Tuesday, October 12, 2010
Blight: A Meditation on Indigenous People’s Day
October 12, 2010—For 80-plus miles, from just north of New York City to the upstate city of Poughkeepsie, the Metro North railroad tracks run along the eastern shore of the Hudson River, only yards away from the water. In my childhood and youth, that ride along the Hudson was merely “home” to me—I was raised in Croton, which sits more or less halfway between the two cities. It was only later, after I had seen the Mississippi, the Missouri, and the Ohio, the Nile and the Rio de la Plata, the Rhine from beginning to end, and the Danube, the Thames, the Avon, and most of the rivers of France–only then did I grasp how extraordinary that stretch of the Hudson shore is. Across the river, which widens at the Tappan Zee and then narrows again, are the cliffs of the Palisades; in every direction, hills rise out of the water, somehow rising out of mist even on the sunniest day. Its beauty never fails to thrill me, nor have I ever seen anything to match it.
Only a few score miles away is its opposite number in every sense, the ravaged country along the Amtrak railroad between New York City and Washington, DC. The first time I rode that train was on August 28, 1963, from New York to Washington. (That was the day Martin Luther King told the world he had a dream.) Between family visits—my oldest son and his family have lived in Maryland for decades—and protest marches, I’ve taken it scores of times since. For mile upon mile, the tracks pass a nightmare spectrum of blight: dying trees and poisoned waters give way to long-abandoned factories, windows broken, walls graffiti’d, which yield in turn to piles of garbage and old tires dotting tract after tract of decaying homes and broken neighborhoods.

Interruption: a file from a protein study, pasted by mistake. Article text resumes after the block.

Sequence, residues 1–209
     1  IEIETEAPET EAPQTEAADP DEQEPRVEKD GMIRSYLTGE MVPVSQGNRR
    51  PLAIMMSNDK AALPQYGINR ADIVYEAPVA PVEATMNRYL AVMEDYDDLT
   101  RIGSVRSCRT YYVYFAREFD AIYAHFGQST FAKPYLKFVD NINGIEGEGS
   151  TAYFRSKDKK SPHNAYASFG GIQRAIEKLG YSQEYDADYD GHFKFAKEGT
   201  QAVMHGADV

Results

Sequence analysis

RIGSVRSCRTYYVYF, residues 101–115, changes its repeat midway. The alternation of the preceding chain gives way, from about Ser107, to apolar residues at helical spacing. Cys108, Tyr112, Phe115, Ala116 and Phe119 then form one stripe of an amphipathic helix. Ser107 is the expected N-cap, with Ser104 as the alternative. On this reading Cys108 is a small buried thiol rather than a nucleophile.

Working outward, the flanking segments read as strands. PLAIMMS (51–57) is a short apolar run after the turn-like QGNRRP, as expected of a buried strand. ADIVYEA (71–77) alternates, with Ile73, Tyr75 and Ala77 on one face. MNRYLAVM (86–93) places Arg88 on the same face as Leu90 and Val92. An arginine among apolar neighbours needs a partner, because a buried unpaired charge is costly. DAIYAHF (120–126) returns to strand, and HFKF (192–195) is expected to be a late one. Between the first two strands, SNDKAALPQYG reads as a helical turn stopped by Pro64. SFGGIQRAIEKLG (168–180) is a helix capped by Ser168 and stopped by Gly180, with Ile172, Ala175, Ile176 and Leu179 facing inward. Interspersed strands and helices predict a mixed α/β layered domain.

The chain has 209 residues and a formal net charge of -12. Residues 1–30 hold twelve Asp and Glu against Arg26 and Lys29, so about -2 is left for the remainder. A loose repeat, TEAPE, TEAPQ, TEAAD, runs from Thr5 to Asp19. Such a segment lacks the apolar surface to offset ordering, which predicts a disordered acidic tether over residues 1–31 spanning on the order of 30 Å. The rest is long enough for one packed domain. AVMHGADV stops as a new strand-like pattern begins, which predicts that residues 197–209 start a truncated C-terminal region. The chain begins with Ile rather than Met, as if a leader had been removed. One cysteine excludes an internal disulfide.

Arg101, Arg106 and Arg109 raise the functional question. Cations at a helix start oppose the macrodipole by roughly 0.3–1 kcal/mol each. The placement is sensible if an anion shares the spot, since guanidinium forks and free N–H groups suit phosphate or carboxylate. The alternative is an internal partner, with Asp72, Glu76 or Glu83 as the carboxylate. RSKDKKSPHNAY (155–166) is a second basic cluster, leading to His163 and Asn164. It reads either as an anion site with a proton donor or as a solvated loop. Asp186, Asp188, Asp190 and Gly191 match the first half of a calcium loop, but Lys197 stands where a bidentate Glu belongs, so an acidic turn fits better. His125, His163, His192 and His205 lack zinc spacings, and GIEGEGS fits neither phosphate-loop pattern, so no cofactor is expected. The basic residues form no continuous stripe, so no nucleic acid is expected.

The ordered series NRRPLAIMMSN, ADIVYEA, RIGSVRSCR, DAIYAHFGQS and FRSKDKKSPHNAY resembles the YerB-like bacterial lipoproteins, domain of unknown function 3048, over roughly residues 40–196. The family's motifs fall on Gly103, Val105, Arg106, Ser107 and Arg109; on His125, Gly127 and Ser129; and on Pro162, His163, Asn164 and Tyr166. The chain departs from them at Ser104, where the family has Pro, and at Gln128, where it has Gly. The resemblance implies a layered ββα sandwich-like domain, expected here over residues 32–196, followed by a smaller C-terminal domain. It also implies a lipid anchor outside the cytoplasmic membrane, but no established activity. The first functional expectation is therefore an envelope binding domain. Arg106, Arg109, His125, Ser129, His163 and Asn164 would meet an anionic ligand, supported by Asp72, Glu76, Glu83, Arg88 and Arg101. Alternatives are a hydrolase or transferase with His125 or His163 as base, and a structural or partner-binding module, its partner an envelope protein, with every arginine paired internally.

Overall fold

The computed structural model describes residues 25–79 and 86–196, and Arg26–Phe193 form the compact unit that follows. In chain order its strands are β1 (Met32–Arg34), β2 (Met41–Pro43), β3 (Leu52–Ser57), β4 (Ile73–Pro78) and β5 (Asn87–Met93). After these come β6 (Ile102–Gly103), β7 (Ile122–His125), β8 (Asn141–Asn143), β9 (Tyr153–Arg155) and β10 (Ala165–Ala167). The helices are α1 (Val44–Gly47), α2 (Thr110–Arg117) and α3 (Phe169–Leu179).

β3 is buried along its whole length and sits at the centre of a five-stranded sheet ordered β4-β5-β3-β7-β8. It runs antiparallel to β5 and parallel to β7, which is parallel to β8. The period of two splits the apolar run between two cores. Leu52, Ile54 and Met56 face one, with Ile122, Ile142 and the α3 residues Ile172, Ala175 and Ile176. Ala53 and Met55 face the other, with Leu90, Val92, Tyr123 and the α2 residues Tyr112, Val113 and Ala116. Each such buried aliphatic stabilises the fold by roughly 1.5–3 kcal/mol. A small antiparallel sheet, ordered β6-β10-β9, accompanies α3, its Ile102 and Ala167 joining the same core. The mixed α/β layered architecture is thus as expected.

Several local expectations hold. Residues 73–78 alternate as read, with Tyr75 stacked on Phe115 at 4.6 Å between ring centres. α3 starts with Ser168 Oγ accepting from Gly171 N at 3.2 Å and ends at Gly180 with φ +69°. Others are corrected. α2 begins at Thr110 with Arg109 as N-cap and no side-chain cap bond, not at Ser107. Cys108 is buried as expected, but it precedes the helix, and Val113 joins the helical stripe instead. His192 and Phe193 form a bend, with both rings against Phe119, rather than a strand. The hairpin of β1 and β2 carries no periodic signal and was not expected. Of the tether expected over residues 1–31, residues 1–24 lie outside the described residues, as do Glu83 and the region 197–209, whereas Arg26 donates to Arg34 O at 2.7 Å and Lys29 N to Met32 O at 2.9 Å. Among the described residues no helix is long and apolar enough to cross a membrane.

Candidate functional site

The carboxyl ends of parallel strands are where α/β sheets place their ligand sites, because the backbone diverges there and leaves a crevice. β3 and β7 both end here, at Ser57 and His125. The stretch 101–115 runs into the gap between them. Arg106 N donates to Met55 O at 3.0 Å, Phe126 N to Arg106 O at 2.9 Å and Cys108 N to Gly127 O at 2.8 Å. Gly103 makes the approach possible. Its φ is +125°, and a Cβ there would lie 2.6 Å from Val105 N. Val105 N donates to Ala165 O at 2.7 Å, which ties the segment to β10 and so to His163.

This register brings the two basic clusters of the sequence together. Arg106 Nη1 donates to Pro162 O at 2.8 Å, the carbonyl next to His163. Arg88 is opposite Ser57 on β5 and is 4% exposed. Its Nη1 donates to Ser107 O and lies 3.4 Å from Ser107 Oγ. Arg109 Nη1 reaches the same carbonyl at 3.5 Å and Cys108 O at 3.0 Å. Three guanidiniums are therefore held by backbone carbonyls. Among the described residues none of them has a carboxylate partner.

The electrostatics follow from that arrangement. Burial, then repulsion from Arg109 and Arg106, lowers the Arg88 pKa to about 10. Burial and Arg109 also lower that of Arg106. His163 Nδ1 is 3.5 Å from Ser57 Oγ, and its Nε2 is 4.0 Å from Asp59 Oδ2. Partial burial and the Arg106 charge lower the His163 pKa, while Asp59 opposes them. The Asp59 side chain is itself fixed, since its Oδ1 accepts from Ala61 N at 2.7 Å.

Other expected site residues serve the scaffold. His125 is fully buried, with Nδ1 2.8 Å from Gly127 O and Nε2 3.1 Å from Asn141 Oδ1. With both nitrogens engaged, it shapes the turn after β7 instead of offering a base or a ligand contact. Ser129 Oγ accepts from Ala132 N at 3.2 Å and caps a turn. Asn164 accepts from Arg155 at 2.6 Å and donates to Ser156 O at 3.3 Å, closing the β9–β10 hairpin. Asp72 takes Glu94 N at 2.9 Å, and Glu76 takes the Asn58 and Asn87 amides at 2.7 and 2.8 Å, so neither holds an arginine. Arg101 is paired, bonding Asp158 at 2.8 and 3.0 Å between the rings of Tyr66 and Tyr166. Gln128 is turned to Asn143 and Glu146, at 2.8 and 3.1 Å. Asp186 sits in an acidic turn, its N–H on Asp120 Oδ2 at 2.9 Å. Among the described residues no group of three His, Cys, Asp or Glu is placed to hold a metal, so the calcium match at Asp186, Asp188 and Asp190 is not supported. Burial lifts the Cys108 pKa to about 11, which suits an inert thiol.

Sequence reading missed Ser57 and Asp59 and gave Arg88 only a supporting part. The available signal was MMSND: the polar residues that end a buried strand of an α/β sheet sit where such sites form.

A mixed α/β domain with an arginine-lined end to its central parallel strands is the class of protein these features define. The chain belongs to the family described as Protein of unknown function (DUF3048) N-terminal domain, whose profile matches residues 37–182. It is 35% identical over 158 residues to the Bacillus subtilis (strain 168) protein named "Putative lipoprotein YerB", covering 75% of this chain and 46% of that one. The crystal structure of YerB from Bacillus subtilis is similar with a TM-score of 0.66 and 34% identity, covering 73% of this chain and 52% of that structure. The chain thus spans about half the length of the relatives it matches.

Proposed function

Yesterday I traveled from New York to Washington and back on Amtrak (headed, as it happens, for a family wedding). As I looked out the window, I was struck by a curious thought. Inspired, no doubt, by the fact that it was Indigenous People’s Day, I wondered, what if a Lenni Lenape Indian of 500 years ago—one of the First People of New Jersey—were to time travel along this very route today, as Amtrak skirts the toxic land along the water we call the Hackensack River? What would she think?
What would she think of the deadly marshes? What would she think of the now-useless buildings? What questions would she ask in the face of this endless blight, the bitter fruit of “development” and greed?
Only two, I should imagine, one of which we know the answer to, the second of which is as agonizing for us as it would be for the time traveler: “Who has done this to our Earth, and how can we heal Her?”